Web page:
Jon Van Housen & Mariella Radaelli
Surprising headlines last week asserted that Facebook’s parent company Meta Platforms said it might have to pull out of Europe due to data transfer regulations. If true, that would be enormous news. But it’s not happening. At least not now.
By the weekend, Meta had gone into overdrive to stress the information was taken out of context. The warning was part of a 134-page annual report filed with the US Securities and Exchange Commission (SEC) in which the social media giant said it is concerned that it won’t be able to continue to provide services if European data-sharing regulations aren’t made clear “between countries or regions in which we operate”. For months, EU regulators have been mired in complex negotiations with the US to replace the Privacy Shield transatlantic data transfer pact that was struck down by the EU Court of Justice in 2020. The court said it is not convinced that EU citizens’ data is safe once shipped to the US.
With the Privacy Shield no longer a valid mechanism to comply with EU data protection requirements, Meta and more than 1,000 other Internet-based companies currently rely on so-called Standard Contractual Clauses (SCCs) to legally transfer user data out of the EU. But the Irish Data Protection Commission says those could violate the EU’s landmark general data protection regulation (GDPR) now so familiar to users worldwide — it’s the one that requires a notice and consent button on all websites.
“If a new transatlantic data transfer framework is not adopted and we are unable to continue to rely on SCCs or rely upon other alternative means of data transfers from Europe to the United States, we will likely be unable to offer a number of our most significant products and services, including Facebook and Instagram, in Europe, which would materially and adversely affect our business, financial condition, and results of operations,” said the Mata warning in its SEC filing.
Following years of alarms about fake news, perplexing political ideologies and privacy concerns related to social media, some European politicians said they would welcome Facebook’s withdrawal. “After I was hacked, I have lived without Facebook and Twitter for four years and life has been fantastic,” Germany’s new Economy Minister Robert Habeck told reporters. French Finance Minister Bruno Le Maire agreed, saying he “can confirm that life would be very good without Facebook and that we would live very well without Facebook”.
And some wonder if Facebook founder Mark Zuckerberg has seen a reality that is not virtual, but all too real. Does he foresee a possible endgame when increasing privacy legislation finally hobbles his once-innovative business model? Is that why he is trying to move the company in an entirely different direction – into the “metaverse”? Even changing its name to Meta, the company has perplexed some in the industry and many in the investment world by a sharp change of course into virtual reality.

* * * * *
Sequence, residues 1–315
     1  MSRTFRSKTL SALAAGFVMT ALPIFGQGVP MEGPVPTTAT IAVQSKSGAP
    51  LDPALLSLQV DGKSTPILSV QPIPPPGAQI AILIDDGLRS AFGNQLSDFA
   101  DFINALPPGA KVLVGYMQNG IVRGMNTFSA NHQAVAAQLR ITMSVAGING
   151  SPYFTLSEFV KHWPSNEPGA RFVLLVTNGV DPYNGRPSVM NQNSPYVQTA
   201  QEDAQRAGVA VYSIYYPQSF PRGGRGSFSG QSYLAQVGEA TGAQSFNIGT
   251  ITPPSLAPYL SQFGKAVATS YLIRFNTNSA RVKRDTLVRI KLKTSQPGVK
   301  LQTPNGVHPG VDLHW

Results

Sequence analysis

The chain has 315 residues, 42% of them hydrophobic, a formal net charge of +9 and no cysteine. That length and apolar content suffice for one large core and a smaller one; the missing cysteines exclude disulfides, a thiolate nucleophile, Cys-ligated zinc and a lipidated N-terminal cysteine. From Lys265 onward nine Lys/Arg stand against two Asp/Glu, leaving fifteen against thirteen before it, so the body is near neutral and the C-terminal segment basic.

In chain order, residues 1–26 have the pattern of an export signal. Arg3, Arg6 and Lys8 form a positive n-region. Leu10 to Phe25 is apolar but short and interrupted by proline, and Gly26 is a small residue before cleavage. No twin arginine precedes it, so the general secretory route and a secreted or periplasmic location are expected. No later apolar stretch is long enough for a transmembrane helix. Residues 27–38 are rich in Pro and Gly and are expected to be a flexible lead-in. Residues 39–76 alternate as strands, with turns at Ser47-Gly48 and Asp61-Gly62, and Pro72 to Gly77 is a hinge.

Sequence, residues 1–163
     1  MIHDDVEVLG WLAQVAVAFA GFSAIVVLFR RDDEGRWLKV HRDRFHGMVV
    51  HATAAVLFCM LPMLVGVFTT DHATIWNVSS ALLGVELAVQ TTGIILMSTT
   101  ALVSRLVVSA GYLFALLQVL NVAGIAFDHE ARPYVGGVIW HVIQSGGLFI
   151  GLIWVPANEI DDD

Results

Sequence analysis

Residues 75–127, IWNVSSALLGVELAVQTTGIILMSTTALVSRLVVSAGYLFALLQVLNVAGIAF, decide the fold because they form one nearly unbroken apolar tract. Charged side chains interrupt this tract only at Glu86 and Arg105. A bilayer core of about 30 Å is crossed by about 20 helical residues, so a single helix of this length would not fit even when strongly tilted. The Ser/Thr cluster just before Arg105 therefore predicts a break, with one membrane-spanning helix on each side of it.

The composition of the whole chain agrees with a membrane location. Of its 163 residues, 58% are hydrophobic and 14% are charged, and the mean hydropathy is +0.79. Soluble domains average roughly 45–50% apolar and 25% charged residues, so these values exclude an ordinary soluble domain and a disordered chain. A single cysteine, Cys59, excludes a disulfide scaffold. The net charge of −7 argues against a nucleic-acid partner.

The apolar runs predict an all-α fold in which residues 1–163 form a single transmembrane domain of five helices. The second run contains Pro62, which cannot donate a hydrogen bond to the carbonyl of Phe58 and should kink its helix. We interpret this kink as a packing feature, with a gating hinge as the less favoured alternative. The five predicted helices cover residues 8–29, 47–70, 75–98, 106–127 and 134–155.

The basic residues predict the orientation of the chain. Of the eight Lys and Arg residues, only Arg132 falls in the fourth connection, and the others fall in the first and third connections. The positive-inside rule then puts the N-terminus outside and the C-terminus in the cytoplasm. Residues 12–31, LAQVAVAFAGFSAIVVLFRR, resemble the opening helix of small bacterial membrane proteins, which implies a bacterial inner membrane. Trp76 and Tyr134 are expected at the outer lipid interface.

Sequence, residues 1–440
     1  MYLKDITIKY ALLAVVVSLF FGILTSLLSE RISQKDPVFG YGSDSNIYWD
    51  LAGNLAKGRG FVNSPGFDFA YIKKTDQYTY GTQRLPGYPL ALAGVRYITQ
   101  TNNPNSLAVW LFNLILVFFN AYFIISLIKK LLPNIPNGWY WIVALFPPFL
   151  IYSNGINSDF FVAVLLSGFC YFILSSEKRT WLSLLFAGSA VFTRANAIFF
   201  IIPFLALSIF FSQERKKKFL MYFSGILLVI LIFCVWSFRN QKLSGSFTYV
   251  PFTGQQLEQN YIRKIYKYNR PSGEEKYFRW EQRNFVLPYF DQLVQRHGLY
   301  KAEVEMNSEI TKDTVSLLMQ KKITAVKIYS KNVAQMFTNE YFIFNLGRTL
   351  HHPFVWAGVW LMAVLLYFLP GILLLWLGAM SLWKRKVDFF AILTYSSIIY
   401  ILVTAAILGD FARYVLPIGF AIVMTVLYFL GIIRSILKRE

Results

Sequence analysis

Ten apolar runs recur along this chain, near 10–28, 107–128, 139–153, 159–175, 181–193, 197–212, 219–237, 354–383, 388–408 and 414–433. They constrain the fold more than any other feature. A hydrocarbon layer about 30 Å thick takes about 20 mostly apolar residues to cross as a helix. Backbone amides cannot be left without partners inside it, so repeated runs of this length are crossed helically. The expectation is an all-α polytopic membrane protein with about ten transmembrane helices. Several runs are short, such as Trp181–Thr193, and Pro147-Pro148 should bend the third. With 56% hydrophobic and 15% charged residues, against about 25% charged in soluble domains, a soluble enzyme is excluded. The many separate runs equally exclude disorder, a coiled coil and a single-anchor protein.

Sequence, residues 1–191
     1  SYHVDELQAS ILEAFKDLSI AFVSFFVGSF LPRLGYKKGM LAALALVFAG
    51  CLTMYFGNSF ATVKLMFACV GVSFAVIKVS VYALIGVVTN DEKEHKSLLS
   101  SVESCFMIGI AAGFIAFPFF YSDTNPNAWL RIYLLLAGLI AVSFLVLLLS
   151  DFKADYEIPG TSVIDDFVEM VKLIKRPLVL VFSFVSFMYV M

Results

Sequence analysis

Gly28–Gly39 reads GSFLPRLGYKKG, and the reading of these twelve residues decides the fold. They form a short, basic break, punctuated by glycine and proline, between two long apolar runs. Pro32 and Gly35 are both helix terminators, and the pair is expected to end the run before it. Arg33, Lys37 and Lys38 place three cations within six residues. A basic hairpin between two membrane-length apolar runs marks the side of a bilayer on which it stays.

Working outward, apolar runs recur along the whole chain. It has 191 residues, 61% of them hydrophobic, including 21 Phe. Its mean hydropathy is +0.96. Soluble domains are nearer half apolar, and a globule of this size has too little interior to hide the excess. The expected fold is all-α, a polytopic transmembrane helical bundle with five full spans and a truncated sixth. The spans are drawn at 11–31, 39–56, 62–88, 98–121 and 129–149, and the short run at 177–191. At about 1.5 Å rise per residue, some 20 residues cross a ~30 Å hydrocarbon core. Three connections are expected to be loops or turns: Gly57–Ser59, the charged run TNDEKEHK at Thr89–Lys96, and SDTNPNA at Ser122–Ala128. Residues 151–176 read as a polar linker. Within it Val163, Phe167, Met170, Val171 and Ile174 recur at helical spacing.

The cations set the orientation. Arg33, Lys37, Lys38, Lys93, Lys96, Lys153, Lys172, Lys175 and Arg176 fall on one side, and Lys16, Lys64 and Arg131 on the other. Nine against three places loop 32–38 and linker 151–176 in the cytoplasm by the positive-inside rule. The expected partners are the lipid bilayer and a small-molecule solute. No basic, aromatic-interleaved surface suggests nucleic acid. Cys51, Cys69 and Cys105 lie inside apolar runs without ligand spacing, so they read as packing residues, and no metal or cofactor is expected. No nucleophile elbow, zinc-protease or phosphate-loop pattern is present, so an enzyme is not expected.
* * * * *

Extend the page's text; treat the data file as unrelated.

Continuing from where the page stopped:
Those investors just sent Zuckerberg a strong message about the current state of his company – a historic plunge in its stock price that erased more than $230 billion in Meta’s market value, easily the biggest one-day loss in history for a US company. The 26.4 per cent plummet also comes after the company reported its first ever drop in daily user numbers. The company’s advertising model has also been hit hard by privacy changes at Apple that allows iPhone users to opt out of data monitoring. Only about one-quarter of those phone owners have reportedly agreed to continued collection of their personal data, a change Facebook admits will cost it billions.
The biggest hit to profits in the last quarter, which declined 8 per cent and fell short of analyst estimates, was funding of the Reality Labs division. Meta said it spent $10 billion last year on technologies developed by the unit that could eventually allow it to host users in a virtual world. Even for Facebook $10 billion is a significant chunk of cash. The now-defunct Privacy Shield agreement was implemented during the Obama administration in response to revelations by Edward Snowden that the US government has access to personal data from the private sector. With the EU Court of Justice ruling that the agreement was invalid in 2020, not only Facebook but a range of companies including those involved in cloud computing could be at risk of breaking EU law.
No doubt negotiations can bring a legislative fix for transatlantic data transfers, but that might be much easier if Facebook wasn’t involved. The more Facebook symbolises cross-border data flows, the more politically difficult the issue will be. The social media giant simply does not have the political capital needed to generate widespread legislative support. As a powerful tech and social innovation, it has proven to be difficult to administer, perhaps a victim of its own success, growing so massive it became almost impossible to control. Europe has put the writing on the wall that surveillance capitalism is going the way of unfettered energy use and polluting industries – another no-longer tolerated excess of the naive past.
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